Unless you’ve been living under a rock in a galaxy far, far away, you’d probably have heard that Apple updated their operating system for users of their acclaimed iPhone, iPod & iPad recently. Conveniently dubbed iOS7, the new OS boasts a sleek and clean flat design, with the company opting for simplicity and basic colour compositions to make up their new user interface.

What’s important to note here, is that like most other Apple products and “inventions,” the trend of flat design has been on the rise for a number of years now. Take touch screen technology, for example. Apple first introduced their touch screen software for the original globe-shifting iPhone. Considered a revolution in product manufacturing, Apple were able to identify a technology that was already being manufactured and utilised in the market, and turn it into a total and solidified solution that every consumer couldn’t survive without.

With Apple’s new iOS7, we’re exposed to a very similar circumstance. You might’ve noted that over the last year or so, eBay, Microsoft, McDonald’s, Skype, Optus, Telstra and many other organisations have undergone radical branding shifts that included the redesign of marketing materials, brand identity and logos. All of these businesses joined the growing trend of logo design shift from details, effects, gradients, textures, outlines etc. to simple, 1-2 tone colours, flat and clean branding and marketing. This shift in graphical thinking has been amplified by the recent introduction of Apple’s iOS7.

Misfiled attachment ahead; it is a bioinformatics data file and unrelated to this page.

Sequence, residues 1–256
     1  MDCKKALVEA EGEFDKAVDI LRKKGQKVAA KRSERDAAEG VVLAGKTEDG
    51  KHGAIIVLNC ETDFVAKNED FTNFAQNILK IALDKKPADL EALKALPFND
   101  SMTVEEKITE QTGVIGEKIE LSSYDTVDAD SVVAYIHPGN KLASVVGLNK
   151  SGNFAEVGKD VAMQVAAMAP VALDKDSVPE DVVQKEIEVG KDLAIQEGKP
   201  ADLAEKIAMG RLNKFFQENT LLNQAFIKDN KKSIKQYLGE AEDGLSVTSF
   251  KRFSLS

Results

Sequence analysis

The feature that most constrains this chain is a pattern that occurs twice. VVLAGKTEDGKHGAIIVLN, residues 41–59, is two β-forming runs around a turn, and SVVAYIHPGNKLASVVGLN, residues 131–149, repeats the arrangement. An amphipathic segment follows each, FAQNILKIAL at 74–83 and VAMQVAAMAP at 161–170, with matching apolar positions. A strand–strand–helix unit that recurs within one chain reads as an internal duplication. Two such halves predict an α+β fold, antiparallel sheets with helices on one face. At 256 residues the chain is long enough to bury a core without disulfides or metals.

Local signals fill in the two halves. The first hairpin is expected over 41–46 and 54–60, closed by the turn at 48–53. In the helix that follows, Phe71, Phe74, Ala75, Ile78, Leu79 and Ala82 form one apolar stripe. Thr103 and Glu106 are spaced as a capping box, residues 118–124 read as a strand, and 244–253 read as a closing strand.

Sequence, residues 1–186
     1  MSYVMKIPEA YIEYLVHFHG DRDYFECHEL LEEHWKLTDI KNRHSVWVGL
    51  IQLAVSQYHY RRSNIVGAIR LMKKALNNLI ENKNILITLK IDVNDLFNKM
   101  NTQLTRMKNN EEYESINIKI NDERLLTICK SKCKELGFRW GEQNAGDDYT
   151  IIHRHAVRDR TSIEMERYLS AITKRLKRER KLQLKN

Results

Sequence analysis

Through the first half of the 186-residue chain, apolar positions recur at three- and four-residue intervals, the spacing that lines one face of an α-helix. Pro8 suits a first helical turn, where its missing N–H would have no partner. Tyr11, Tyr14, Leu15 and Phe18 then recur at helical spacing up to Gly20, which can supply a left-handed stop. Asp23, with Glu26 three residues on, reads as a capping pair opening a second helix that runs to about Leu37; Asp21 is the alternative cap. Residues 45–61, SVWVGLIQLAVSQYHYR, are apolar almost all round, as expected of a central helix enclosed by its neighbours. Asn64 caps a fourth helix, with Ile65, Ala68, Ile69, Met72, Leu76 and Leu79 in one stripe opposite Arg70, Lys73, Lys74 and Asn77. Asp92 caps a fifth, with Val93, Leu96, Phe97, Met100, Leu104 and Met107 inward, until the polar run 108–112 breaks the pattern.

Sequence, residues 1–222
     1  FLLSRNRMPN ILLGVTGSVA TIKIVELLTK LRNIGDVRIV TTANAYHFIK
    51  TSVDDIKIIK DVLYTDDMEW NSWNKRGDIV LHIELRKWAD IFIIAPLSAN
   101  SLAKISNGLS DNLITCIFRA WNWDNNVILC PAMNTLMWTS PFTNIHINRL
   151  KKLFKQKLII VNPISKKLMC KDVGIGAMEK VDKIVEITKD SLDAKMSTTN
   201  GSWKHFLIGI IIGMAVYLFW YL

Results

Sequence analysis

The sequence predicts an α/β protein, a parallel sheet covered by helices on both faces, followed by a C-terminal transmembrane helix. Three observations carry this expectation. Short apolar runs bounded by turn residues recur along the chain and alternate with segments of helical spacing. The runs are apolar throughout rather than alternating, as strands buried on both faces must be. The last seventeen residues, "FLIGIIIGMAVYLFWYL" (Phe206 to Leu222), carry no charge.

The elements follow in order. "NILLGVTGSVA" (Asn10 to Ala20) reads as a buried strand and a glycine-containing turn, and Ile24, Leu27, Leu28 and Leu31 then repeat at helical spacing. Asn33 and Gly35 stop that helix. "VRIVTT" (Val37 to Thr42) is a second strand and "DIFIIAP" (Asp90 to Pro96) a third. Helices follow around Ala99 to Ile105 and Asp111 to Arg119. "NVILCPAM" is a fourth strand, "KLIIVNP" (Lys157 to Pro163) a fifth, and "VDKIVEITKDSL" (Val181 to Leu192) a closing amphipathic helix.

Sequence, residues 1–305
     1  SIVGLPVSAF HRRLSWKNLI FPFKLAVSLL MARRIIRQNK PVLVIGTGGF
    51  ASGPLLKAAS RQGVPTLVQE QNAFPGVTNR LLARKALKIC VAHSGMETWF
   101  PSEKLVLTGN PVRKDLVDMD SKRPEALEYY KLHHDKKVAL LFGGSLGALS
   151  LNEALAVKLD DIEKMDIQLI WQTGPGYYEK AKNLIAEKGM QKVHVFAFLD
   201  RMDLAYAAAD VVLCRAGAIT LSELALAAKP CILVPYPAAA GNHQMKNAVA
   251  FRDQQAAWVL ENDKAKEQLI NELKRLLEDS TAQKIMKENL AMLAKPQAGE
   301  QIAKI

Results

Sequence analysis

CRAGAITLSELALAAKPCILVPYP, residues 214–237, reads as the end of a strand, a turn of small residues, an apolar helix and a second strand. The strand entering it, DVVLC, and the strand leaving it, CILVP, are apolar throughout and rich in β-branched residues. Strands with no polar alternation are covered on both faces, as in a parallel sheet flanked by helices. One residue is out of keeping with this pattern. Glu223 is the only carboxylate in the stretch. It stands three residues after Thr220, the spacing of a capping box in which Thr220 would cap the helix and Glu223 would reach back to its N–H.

Apple, obvious leaders in strategic thinking and cultural trends, have appropriately confucted thorough research and market forecasting in order to predict a long-term design style trend and have thus, adopted and adapted the new flat design scheme to their entire OS arsenal. As a result, mobile app developers (wheter complicit, or not), were forced to redevelop all mobile applications for Apple devices in order to remain current and optimised with iOS7. This cas created a domino spiral for designers (of websites, apps and graphics) to adopt a flat design approach when developing and illustrating on future projects.

Speculation is already being made across the grape vine, that Google’s new logo launch has come as a direct result of Apple’s implementation and transformation of flat design into the fashionable design trend for 2013 and beyond. There’s no doubt we can expect many more global brands to follow this trend as Apple’s iOS7 continues to create tidal waves across the digital cosmos.

For small businesses operating under the same design format for longer than at least 8 years now, perhaps it’s time to think about joining the bandwagon of consumer design appeal and update your branding today. For designers who had already identified flat design as a methodological trend of the future, prepare to be stampeded upon, and negligently forgotten about. Apple has spoken. Flat design is in. And nobody will acknowledge that you figured it out first!